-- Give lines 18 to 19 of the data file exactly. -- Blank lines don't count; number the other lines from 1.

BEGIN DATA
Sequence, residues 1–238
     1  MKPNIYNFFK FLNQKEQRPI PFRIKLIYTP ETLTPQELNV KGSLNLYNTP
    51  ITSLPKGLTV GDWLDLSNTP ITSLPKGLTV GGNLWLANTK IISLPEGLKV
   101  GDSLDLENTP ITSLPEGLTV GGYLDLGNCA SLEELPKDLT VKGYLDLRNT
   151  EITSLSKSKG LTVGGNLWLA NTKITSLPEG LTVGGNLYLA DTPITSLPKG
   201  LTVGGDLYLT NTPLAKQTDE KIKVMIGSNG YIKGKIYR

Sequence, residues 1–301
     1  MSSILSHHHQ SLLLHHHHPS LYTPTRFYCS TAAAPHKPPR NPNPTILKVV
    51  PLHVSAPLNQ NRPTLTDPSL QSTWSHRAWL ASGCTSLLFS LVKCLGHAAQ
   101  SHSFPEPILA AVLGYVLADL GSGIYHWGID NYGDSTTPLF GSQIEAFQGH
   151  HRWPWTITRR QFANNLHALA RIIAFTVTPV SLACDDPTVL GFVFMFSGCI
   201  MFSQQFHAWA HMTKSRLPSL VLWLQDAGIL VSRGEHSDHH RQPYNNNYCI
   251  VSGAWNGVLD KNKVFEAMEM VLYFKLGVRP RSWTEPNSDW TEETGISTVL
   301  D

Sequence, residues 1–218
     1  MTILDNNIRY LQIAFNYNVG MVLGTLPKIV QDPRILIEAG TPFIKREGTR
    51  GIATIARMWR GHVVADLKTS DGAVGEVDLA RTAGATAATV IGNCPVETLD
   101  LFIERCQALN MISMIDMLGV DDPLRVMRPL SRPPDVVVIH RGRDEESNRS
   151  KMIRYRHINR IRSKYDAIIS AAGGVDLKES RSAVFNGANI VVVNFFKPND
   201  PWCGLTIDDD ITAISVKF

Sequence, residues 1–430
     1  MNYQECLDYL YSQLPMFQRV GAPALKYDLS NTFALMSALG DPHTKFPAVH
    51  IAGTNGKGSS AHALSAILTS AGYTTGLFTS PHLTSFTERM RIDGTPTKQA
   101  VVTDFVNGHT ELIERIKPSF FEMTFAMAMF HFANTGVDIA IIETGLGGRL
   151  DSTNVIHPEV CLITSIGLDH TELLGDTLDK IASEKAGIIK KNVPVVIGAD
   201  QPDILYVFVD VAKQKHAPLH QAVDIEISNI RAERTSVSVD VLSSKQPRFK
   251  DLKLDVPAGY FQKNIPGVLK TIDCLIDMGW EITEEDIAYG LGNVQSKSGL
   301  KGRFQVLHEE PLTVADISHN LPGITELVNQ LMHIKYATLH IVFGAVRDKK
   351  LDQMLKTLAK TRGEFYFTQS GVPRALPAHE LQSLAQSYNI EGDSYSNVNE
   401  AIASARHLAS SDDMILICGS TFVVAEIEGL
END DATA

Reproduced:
   101  LFIERCQALN MISMIDMLGV DDPLRVMRPL SRPPDVVVIH RGRDEESNRS
   151  KMIRYRHINR IRSKYDAIIS AAGGVDLKES RSAVFNGANI VVVNFFKPND